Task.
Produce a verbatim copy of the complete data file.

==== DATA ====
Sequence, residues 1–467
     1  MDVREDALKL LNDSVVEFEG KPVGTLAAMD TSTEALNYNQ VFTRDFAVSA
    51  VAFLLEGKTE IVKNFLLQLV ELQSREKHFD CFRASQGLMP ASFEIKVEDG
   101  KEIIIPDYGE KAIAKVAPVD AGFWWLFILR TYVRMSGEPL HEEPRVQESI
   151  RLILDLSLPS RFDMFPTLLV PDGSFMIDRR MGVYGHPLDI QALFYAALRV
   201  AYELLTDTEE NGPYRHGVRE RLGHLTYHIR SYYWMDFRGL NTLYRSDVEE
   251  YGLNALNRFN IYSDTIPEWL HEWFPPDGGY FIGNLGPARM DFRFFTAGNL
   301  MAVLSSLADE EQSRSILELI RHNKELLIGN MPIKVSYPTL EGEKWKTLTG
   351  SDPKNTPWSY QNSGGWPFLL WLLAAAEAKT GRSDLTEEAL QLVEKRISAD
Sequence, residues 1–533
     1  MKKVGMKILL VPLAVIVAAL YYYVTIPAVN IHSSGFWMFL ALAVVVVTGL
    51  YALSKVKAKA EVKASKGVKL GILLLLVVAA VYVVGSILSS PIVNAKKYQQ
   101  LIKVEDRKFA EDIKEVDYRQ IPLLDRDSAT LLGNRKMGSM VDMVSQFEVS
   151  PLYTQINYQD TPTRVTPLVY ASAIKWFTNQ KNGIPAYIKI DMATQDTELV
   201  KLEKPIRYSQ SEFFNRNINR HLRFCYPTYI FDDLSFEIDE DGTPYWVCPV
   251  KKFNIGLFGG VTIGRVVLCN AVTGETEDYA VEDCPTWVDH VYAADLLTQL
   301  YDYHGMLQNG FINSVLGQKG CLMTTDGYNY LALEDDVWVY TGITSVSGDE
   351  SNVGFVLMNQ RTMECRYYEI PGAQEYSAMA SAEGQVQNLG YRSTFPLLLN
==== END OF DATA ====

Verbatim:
Sequence, residues 1–467
     1  MDVREDALKL LNDSVVEFEG KPVGTLAAMD TSTEALNYNQ VFTRDFAVSA
    51  VAFLLEGKTE IVKNFLLQLV ELQSREKHFD CFRASQGLMP ASFEIKVEDG
   101  KEIIIPDYGE KAIAKVAPVD AGFWWLFILR TYVRMSGEPL HEEPRVQESI
   151  RLILDLSLPS RFDMFPTLLV PDGSFMIDRR MGVYGHPLDI QALFYAALRV
   201  AYELLTDTEE NGPYRHGVRE RLGHLTYHIR SYYWMDFRGL NTLYRSDVEE
   251  YGLNALNRFN IYSDTIPEWL HEWFPPDGGY FIGNLGPARM DFRFFTAGNL
   301  MAVLSSLADE EQSRSILELI RHNKELLIGN MPIKVSYPTL EGEKWKTLTG
   351  SDPKNTPWSY QNSGGWPFLL WLLAAAEAKT GRSDLTEEAL QLVEKRISAD
Sequence, residues 1–533
     1  MKKVGMKILL VPLAVIVAAL YYYVTIPAVN IHSSGFWMFL ALAVVVVTGL
    51  YALSKVKAKA EVKASKGVKL GILLLLVVAA VYVVGSILSS PIVNAKKYQQ
   101  LIKVEDRKFA EDIKEVDYRQ IPLLDRDSAT LLGNRKMGSM VDMVSQFEVS
   151  PLYTQINYQD TPTRVTPLVY ASAIKWFTNQ KNGIPAYIKI DMATQDTELV
   201  KLEKPIRYSQ SEFFNRNINR HLRFCYPTYI FDDLSFEIDE DGTPYWVCPV
   251  KKFNIGLFGG VTIGRVVLCN AVTGETEDYA VEDCPTWVDH VYAADLLTQL
   301  YDYHGMLQNG FINSVLGQKG CLMTTDGYNY LALEDDVWVY TGITSVSGDE
   351  SNVGFVLMNQ RTMECRYYEI PGAQEYSAMA SAEGQVQNLG YRSTFPLLLN